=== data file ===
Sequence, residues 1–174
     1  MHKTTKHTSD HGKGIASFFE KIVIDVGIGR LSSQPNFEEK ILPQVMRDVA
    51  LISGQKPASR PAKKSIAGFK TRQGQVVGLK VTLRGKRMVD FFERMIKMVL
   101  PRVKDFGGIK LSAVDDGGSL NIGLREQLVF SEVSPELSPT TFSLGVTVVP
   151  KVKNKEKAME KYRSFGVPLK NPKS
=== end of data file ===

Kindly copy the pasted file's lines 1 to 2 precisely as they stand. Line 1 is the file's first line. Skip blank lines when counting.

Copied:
Sequence, residues 1–174
     1  MHKTTKHTSD HGKGIASFFE KIVIDVGIGR LSSQPNFEEK ILPQVMRDVA